[Standards] Why XMPP (and XSF)

Steve Kille steve.kille at isode.com
Tue Jan 17 09:19:17 UTC 2017

The "Easy XMPP" thread seems to have shifted topics and I wanted to share
some thoughts.

I am passionate about open standards.   It seems to me that real time
messaging and presence need an open standard.    XMPP is the winner in my

Federation is central to an open IM standard.    Need to provide a service
in which multiple systems from multiple vendors can co-exist to provide a
coherent end user service.

XSF, to me, is primarily about promoting the standard.

Of course, a standard without implementation and deployment is not of use to
anyone.    So XSF should promote and encourage implementation and service,
but this is not the raison d'etre of XSF.

While XMPP is a big step forward from its precursors such as IRC, the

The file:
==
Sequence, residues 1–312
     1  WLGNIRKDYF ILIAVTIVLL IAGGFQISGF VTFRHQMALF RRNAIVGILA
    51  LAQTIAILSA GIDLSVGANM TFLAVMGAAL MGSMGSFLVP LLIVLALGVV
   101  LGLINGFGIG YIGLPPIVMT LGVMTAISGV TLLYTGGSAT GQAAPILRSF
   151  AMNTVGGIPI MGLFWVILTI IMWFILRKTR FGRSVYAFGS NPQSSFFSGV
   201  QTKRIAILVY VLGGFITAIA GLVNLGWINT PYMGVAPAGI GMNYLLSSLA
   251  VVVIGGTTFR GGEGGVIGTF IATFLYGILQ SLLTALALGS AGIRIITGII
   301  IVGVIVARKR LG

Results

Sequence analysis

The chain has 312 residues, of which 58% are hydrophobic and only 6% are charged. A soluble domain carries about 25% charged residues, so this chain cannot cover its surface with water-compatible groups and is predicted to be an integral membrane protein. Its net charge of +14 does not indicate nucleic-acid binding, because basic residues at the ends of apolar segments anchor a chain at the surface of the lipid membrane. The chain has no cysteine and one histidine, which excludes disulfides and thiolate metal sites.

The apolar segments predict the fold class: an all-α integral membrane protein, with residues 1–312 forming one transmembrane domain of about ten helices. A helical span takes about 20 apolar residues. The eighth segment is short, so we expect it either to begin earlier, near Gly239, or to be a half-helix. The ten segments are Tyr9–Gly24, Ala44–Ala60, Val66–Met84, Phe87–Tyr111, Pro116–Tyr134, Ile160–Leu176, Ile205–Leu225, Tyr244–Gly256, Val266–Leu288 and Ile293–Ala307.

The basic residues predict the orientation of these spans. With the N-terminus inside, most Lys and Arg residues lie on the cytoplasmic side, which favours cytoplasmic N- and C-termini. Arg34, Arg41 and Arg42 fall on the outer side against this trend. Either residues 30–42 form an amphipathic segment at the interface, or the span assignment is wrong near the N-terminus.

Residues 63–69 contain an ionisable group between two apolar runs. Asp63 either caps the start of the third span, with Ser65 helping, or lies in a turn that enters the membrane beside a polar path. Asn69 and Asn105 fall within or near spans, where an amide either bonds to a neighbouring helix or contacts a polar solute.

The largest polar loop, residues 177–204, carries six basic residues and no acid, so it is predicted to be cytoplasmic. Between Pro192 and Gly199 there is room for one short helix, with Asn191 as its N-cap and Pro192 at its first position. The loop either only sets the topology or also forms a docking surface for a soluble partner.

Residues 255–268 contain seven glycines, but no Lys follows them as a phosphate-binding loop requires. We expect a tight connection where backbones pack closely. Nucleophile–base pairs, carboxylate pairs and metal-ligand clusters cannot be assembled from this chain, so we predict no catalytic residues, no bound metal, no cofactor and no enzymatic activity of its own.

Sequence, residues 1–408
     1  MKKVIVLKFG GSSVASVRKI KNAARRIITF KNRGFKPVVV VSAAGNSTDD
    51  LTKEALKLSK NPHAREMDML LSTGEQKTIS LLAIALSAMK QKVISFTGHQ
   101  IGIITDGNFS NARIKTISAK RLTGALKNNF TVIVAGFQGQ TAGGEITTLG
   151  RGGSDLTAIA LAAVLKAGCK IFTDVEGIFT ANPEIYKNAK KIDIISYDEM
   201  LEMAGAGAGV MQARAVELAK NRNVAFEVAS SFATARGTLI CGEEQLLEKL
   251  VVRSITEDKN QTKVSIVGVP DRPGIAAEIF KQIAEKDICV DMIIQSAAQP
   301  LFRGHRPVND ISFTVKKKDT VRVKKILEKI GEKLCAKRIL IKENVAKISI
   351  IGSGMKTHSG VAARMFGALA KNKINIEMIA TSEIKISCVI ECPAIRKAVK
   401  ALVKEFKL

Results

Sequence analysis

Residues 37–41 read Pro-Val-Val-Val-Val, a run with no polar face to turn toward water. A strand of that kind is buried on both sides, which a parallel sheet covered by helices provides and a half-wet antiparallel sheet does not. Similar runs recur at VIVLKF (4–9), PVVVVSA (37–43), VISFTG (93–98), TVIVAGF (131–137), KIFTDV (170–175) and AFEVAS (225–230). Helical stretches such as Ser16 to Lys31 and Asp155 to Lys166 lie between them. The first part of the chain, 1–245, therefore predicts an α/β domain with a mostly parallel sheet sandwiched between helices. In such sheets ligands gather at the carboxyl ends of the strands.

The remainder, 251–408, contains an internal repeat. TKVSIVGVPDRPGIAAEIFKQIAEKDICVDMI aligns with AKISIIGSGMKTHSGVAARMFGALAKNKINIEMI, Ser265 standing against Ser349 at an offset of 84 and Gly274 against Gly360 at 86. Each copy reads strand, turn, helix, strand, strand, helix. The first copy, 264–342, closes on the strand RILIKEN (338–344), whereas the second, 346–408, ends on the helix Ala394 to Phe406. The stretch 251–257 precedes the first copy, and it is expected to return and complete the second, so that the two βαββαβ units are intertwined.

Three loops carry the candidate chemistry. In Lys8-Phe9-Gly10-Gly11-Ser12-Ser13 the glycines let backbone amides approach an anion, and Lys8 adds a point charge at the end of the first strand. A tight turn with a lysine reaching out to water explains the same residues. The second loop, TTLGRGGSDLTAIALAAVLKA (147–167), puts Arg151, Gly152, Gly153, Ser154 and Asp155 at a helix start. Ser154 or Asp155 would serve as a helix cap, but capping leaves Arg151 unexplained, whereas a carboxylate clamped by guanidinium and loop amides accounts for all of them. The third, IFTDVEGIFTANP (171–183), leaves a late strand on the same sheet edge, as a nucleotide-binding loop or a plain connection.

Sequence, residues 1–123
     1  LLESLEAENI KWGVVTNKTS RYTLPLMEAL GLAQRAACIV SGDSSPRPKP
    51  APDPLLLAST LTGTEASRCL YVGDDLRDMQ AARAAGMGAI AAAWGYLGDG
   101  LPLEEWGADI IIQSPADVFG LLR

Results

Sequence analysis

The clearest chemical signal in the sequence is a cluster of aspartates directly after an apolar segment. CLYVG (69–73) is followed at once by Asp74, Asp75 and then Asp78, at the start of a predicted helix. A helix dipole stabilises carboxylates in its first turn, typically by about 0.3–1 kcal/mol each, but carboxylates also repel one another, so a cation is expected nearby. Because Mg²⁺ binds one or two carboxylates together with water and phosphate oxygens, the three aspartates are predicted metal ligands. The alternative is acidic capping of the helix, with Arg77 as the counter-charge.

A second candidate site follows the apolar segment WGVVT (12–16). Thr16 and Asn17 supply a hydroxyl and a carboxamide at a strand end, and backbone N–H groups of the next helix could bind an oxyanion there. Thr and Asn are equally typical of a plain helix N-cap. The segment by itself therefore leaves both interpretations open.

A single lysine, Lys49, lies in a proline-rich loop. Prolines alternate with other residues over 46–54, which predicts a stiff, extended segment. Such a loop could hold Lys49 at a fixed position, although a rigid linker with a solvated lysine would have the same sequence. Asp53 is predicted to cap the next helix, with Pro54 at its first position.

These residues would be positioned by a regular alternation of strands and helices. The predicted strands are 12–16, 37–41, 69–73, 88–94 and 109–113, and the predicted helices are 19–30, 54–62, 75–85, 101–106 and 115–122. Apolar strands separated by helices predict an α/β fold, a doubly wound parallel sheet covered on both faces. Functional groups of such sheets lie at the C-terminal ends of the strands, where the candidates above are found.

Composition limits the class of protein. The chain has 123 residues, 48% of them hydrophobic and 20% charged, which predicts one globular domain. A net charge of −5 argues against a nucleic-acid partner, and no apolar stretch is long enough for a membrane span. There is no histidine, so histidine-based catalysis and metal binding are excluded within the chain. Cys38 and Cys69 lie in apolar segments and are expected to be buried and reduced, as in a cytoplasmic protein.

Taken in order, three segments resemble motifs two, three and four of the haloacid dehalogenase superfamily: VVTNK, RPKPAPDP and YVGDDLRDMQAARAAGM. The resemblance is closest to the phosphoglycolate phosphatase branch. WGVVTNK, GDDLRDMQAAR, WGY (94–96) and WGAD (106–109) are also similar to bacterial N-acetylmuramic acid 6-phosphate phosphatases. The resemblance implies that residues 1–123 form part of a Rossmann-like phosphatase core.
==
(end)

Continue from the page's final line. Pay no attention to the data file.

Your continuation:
current set of standards is behind the curve when you compare the potential
capabilities of an XMPP implementation to the state of the art from
proprietary implementations (e.g., Microsoft Teams).

A central task of XSF is to address this, which is why MIX, BIND2 and other
developments are key work.

Open standards facilitate new players to compete against the established
one.   Google used XMPP to help compete against AOL and MSN.   Now Google is
a lead player, open standards matter less.

A strong XMPP base standard set can help new players to compete.    This can
and should be a mix of commercial implementations and open source.

New clients with excellent capability and UX are a necessary component of
success.    Those building these clients are likely to be involved with XSF,
but I don't think XSF should be taking responsibility for this.


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